The packages of the future will have digital screens attached

Amazon box
A box from Amazon.

Scientists working at the University of Sheffield have come up with a new type of digital screen that could one day feature on the packages being delivered to your home - so you could tap the display to see where it's from, for example.

"Labels on packaging could become much more innovative, and allow customers to interact with and explore new products," says Professor David Lidzey, who worked on the display technology.

Simple messages could be included on the displays, and the tech could eventually feature in greetings cards too. Another use could be as a countdown timer display so you know when your pregnancy test is ready to check.

Brand aid

Tech firm Novalia helped out with the development of the new smart labelling. The process used to create it involves printing electronic tracks onto paper and then using an conductive adhesive to fix low-cost electronics and a polymer LED on top.

The researchers were also able to attach a touchpad keyboard to the display so users could interact with the LEDs (to switch between screens perhaps). The next step is to make the display fully flexible and capable of attaching to any type of package.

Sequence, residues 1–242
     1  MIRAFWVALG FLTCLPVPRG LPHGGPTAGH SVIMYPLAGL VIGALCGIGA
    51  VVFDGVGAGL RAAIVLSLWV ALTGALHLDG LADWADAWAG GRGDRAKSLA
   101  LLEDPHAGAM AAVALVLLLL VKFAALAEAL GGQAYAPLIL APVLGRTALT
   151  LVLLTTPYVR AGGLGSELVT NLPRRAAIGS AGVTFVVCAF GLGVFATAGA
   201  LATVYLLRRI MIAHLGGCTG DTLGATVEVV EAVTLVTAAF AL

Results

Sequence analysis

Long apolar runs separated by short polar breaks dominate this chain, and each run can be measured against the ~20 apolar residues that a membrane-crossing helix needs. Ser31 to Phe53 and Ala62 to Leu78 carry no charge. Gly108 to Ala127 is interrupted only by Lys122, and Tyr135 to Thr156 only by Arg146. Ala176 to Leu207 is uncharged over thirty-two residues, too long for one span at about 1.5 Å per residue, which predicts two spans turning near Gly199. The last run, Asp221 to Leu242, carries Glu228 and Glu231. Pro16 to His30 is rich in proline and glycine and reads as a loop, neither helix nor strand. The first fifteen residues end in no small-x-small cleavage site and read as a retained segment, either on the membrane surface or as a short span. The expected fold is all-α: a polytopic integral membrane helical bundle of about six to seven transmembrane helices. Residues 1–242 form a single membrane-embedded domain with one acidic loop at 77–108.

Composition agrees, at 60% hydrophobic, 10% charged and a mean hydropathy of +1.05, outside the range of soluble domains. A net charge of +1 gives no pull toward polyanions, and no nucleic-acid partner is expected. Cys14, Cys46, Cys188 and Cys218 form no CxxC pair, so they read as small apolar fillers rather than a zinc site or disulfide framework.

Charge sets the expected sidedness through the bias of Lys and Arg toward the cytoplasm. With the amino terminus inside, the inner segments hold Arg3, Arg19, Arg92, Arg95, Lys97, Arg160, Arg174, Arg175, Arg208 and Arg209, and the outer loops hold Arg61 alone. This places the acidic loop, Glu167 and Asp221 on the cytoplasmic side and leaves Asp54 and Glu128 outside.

Of course the likes of Amazon and John Lewis could use the tech to customise their parcels and create interactive adverts on their boxes - Novalia's Chris Jones says "brand awareness" is one of the potential uses of these displays.

Speaking of packaging, here's our unboxing of the iPhone SE:

David Nield
Freelance Contributor

Dave is a freelance tech journalist who has been writing about gadgets, apps and the web for more than two decades. Based out of Stockport, England, on TechRadar you'll find him covering news, features and reviews, particularly for phones, tablets and wearables. Working to ensure our breaking news coverage is the best in the business over weekends, David also has bylines at Gizmodo, T3, PopSci and a few other places besides, as well as being many years editing the likes of PC Explorer and The Hardware Handbook.